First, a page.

US55387185 Aug 199223 Jul 1996Beiersdorf AktiengesellschaftCosmetic sticks
US553879323 Dec 199423 Jul 1996Shin-Etsu Chemical Co., Ltd.Silicone rubber particles coated with silicone resin
US554085320 Oct 199430 Jul 1996The Procter & Gamble CompanyPersonal treatment compositions and/or cosmetic compositions containing enduring perfume
US560392521 Apr 199518 Feb 1997The Mennen CompanyClear or translucent tack-free antiperspirant stick or gel composition and manufacturing method
US561019929 Dec 199411 Mar 1997Estee Lauder Inc.Solid lipophilic composition and process for its preparation
US561204317 Mar 199418 Mar 1997L'orealOil-in-water emulsion containing a perfluoropolyether, composition containing the same, preparation process and use in cosmetics and dermatology
US56163319 Feb 19951 Apr 1997L'orealStorage-stable, ultrafine oil-in-water emulsion nanopigmented sunscreen/cosmetic compositions
US56185232 Feb 19958 Apr 1997L'orealCeramides, process for their preparation and their applications in the cosmetic and dermopharmaceutical fields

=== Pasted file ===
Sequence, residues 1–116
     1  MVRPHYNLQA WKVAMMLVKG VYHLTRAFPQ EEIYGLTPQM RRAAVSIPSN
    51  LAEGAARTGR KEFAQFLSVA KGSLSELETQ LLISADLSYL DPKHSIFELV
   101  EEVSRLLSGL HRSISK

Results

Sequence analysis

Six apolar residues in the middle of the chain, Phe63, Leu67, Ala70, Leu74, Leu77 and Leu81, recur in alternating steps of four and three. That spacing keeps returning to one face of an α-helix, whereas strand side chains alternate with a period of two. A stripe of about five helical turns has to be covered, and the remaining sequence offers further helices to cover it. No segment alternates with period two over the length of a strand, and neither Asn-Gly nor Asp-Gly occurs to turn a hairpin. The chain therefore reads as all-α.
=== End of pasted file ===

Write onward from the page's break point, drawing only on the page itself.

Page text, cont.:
US562069316 Nov 199415 Apr 1997L'orealMascara containing wax(es) and carboxyl-functional film-forming polymer aqueous dispersion
US564563214 Feb 19968 Jul 1997Union Camp CorporationDiesters of polymerized fatty acids useful in formulating hot-melt inks
US566777025 Mar 199616 Sep 1997Elizabeth Arden Company, Division Of Conopco, Inc.Long wearing lipstick
US567935713 Jan 199521 Oct 1997L'orealCationic dispersions based on ceramides and/or glycoceramides
US568381728 Dec 19934 Nov 1997E. I. Du Pont De Nemours And CompanyPolyamide composition and method of producing goods
US57192556 Mar 199517 Feb 1998Henkel Kommanditgesellschaft Auf AktienPolyamide based on dimer fatty acid
US574762530 May 19955 May 1998Nippon Steel Chemical Co., Ltd.Silicate group-containing polyimide
US575012519 Jun 199612 May 1998Estee Lauder, Inc.Clear cosmetic sticks and process for its preparation
US57501275 Feb 199712 May 1998Elizabeth Arden, A Division Of Conopco, Inc.Color cosmetic composition containing alcohol modified wax
US575048918 Jan 199612 May 1998Lever Brothers Company, Division Of Conopco, Inc.Liquid detergent compostions containing structuring polymers for enhanced suspending power and good pourability
US57805178 Jan 199714 Jul 1998Estee Lauder Inc.Solid lipophilic composition and process for its preparation
US578365718 Oct 199621 Jul 1998Union Camp CorporationEster-terminated polyamides of polymerized fatty acids useful in formulating transparent gels in low polarity liquids
US58008165 Jan 19961 Sep 1998Revlon Consumer Products CorporationCosmetic compositions